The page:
An Opponent of the IMF

An Opponent of the IMF
by JBS President Emeritus John F. McManus

The 1944 creation of the International Monetary Fund occurred even before the formation of the United Nations in 1945. But the IMF has long appeared on the organizational chart published by the UN and is without doubt one of the many UN divisions.

The International Monetary Fund is among one of the many UN divisions (image from Flickr by Mike Licht, NotionsCapital.com, some rights reserved).

Tasks of this money lending UN agency include keeping tyrannical and profligate nations afloat while financing questionable business ventures. Its chief creator, American Communist Harry Dexter White, didn’t have the best interests of U.S. taxpayers in mind. Neither has the UN. Over the years, IMF funds have bailed out Poland, Mexico, Brazil, Venezuela, Colombia, and others. There is hardly a deadbeat nation that hasn’t received IMF funds to keep it going.

Maybe some of this is about to change. President Trump has nominated Adam Lerrick for an undersecretary post within the Treasury Department. The post oversees U.S. involvement in international finance. His credentials as an opponent of bailouts for countries, banks, and investors are well known. In recent years while holding down a post at the American Enterprise Institute, he has sharply criticized the IMF for throwing money at the likes of South Korea, Brazil, Argentina, and Greece.

According to a report in The New York Times, Lerrick’s outspokenness endeared him to Reagan administration economist Allan Metzger. The two even coauthored a study in 2000 which critiqued the IMF and World Bank. They want countries to suffer the consequences of disastrous monetary policies. Metzger, now a professor at Carnegie Mellon’s business school, expressed the following welcome view of flawed IMF policy, an opinion obviously shared by his friend and fellow IMF critic.

It’s corrupting to give money to countries like Greece that never reform; those are taxpayer monies…. If we bail out countries that do things that are not in the interests of their citizens, then we just get more of the same. Adam [Lerrick] is the right man for this job.

At a Senate hearing in 2000, however, Lerrick was asked if there is any need for an IMF. His answer was guardedly positive. He believed then that the IMF is useful as a lender to emerging markets. “But reforms must be instituted to make sure costs are minimized, if not eliminated.”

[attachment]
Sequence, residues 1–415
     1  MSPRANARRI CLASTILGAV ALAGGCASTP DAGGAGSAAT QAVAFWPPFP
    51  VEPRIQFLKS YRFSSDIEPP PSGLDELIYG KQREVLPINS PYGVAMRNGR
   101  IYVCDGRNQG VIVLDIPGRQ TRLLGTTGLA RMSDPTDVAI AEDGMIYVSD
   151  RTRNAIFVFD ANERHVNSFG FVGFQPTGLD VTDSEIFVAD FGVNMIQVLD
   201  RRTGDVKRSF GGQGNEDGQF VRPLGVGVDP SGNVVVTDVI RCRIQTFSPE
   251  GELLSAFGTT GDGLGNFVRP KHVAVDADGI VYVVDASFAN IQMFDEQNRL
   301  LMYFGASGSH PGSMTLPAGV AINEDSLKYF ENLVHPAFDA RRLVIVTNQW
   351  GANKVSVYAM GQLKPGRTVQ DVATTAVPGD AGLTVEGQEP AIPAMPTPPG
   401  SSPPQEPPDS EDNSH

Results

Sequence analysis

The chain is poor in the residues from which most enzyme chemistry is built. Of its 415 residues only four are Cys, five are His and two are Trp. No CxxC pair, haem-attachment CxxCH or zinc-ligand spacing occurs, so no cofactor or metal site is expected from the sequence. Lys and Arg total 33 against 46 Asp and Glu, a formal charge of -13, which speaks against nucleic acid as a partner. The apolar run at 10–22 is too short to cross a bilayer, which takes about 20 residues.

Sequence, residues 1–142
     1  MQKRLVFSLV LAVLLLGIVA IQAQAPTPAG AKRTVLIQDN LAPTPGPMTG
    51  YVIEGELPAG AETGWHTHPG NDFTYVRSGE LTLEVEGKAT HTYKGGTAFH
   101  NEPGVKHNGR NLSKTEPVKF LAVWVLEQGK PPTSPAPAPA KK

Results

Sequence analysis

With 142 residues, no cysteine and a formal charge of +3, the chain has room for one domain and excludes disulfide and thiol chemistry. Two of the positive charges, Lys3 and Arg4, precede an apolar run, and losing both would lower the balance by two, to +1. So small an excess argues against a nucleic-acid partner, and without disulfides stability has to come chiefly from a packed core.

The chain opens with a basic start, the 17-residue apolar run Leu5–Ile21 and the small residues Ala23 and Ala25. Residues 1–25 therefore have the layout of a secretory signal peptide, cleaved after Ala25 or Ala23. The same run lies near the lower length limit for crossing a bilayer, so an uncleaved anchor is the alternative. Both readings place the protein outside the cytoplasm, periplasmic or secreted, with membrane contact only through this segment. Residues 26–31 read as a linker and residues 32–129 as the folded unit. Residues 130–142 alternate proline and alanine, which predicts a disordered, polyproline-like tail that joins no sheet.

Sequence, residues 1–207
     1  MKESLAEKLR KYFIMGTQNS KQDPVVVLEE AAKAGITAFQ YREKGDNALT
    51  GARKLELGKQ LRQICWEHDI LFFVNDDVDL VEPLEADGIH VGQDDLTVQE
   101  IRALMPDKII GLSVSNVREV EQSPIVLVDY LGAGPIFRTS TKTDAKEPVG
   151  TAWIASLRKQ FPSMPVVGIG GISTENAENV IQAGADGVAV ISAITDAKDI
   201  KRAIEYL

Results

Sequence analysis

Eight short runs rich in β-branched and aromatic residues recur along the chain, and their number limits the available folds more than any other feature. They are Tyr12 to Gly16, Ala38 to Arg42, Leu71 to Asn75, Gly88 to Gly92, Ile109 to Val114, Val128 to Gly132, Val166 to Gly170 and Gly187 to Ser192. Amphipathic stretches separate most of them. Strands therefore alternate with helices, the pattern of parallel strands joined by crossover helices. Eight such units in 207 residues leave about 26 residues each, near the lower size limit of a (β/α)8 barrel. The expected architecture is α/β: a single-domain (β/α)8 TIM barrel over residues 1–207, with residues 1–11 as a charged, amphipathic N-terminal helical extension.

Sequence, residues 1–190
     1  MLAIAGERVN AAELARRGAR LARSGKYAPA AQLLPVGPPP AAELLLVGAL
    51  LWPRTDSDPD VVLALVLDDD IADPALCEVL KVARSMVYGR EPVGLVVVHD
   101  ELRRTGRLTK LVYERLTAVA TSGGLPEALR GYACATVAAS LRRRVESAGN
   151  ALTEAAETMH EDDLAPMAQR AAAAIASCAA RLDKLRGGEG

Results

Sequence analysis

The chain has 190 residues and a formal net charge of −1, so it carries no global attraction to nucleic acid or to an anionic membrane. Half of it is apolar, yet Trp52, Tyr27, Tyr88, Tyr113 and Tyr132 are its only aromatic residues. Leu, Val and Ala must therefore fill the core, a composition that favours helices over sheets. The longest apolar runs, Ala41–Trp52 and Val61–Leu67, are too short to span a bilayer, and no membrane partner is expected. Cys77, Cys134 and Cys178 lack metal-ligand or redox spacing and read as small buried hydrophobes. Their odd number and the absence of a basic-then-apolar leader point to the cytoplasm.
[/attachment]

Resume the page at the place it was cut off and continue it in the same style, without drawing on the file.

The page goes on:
Lerrick registered his somewhat positive attitude about IMF almost two decades ago. Have the more recent outrageous bailouts of European nations sharpened his view? Time will tell, of course. But there appears to be hope that American taxpayers will be paying less – and maybe nothing – to rescue deadbeat governments. Credit President Trump for reaching out to find someone who believes that America’s financing of reckless policies among some countries has to stop.

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McManus_2Mr. McManus served in the U.S. Marine Corps in the late 1950s and joined the staff of The John Birch Society in August 1966. He has served various roles for the organization including Field Coordinator, Director of Public Affairs, and President. Mr. McManus has appeared on hundreds of radio and television programs and is also author of a number of educational DVDs and books. Now President Emeritus, he continues his involvement with the Society through public speaking and writing for this blog, the JBS Bulletin, and The New American.


One Comment on “An Opponent of the IMF”

  1. Frank M Pelteson says:

    It is interesting to note that just after Secretary of Defense Robert Strange McNamara (CFR) admitted his errors about the American defeat in Vietnam, he was made President of the World Bank. Note from http://www5.worldbank.org/eap/media/vietnam-strong-enduring-partnership-english/ that the World Bank has been propping up the flagging, communistic economy of Vietnam. On that webpage it states:

    “Vietnam and the World Bank celebrated their strong and enduring partnership in 2011—a partnership that has made important contributions to Vietnam’s remarkable poverty reduction efforts and social and economic development over the past few decades.”

    And according to http://www.worldbank.org/en/about/archives/history/past-presidents/robert-strange-mcnamara, titled “Robert Strange McNamara—5th President of the World Bank Group, 1968 – 1981” it states on that webpage:

    “…The Bank that McNamara left in 1981 was completely transformed from the institution he had entered thirteen years earlier. It was a much larger organization, and much more complex. Its membership had continued to expand, and with the People’s Republic of China assuming full participation, it was well on its way to becoming a universal organization. The Bank began to address problems of income disparity and poverty. The Bank diversified into sectors of activity where progress was inevitably slow and unspectacular. And the Bank became more deeply involved in the economic and social conditions of its borrowers. It diversified its sources of funding, drawing from a growing number of international sources.…”

    But we are admonished by the Conspiracy to avoid calling this a “Conspiracy.” And Karl Marx has been reputed to say, “From each according to his ability, to each according to his need.”

    Like


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